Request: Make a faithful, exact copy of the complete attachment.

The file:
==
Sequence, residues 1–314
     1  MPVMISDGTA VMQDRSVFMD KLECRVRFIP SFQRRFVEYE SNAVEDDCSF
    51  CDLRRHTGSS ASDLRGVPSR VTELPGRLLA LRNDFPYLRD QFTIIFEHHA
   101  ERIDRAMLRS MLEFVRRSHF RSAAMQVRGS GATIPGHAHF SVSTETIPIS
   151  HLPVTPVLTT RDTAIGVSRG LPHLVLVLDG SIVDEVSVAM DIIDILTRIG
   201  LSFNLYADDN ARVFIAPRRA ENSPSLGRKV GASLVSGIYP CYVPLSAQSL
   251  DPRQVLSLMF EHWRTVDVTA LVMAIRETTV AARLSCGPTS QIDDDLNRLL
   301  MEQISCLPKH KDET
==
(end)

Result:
Sequence, residues 1–314
     1  MPVMISDGTA VMQDRSVFMD KLECRVRFIP SFQRRFVEYE SNAVEDDCSF
    51  CDLRRHTGSS ASDLRGVPSR VTELPGRLLA LRNDFPYLRD QFTIIFEHHA
   101  ERIDRAMLRS MLEFVRRSHF RSAAMQVRGS GATIPGHAHF SVSTETIPIS
   151  HLPVTPVLTT RDTAIGVSRG LPHLVLVLDG SIVDEVSVAM DIIDILTRIG
   201  LSFNLYADDN ARVFIAPRRA ENSPSLGRKV GASLVSGIYP CYVPLSAQSL
   251  DPRQVLSLMF EHWRTVDVTA LVMAIRETTV AARLSCGPTS QIDDDLNRLL
   301  MEQISCLPKH KDET